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Monitoring Ligand-Activated Protein–Protein Interactions Using Bioluminescent Resonance Energy Transfer (BRET) Assay

  • Carlos Coriano
  • Emily Powell
  • Wei XuEmail author
Protocol
Part of the Methods in Molecular Biology book series (MIMB, volume 1473)

Abstract

The bioluminescent resonance energy transfer (BRET) assay has been extensively used in cell-based and in vivo imaging systems for detecting protein–protein interactions in the native environment of living cells. These protein–protein interactions are essential for the functional response of many signaling pathways to environmental chemicals. BRET has been used as a toxicological tool for identifying chemicals that either induce or inhibit these protein–protein interactions. This chapter focuses on describing the toxicological applications of BRET and its optimization as a high-throughput detection system in live cells. Here we review the construction of BRET fusion proteins, describe the BRET methodology, and outline strategies to overcome obstacles that may arise. Furthermore, we describe the advantage of BRET over other resonance energy transfer methods for monitoring protein–protein interactions.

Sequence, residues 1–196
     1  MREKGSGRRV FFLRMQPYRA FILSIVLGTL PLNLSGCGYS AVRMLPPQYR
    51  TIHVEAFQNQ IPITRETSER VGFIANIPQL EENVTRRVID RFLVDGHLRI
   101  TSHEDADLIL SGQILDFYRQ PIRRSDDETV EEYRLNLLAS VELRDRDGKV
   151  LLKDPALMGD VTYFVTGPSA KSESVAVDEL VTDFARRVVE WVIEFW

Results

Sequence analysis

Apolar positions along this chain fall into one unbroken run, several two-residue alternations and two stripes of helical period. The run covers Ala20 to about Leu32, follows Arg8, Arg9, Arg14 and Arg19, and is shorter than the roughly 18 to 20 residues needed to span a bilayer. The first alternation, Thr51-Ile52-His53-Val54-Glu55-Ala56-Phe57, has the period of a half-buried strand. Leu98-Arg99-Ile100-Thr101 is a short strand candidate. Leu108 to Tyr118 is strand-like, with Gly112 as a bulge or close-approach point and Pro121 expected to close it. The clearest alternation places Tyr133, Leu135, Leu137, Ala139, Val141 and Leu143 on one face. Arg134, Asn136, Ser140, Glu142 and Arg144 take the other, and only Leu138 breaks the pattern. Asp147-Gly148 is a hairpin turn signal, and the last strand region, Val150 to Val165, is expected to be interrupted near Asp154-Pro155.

Key words

Bioluminescent Resonance Energy Transfer (BRET) Protein–protein interactions Screening assay Imaging assay 

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Copyright information

© Springer Science+Business Media New York 2016

Authors and Affiliations

  1. 1.Department of OncologyUniversity of Wisconsin-MadisonMadisonUSA
  2. 2.Department of Experimental Radiation OncologyThe University of Texas MD Anderson Cancer CenterHoustonUSA

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